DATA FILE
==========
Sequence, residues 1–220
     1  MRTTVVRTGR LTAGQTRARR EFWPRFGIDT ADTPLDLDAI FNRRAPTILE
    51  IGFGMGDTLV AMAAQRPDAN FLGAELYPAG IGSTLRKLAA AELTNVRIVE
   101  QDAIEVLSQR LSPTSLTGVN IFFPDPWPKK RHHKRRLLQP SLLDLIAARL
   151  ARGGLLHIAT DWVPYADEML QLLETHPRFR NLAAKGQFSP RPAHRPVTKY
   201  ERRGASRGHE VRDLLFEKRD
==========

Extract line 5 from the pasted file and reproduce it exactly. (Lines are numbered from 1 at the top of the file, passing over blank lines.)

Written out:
   151  ARGGLLHIAT DWVPYADEML QLLETHPRFR NLAAKGQFSP RPAHRPVTKY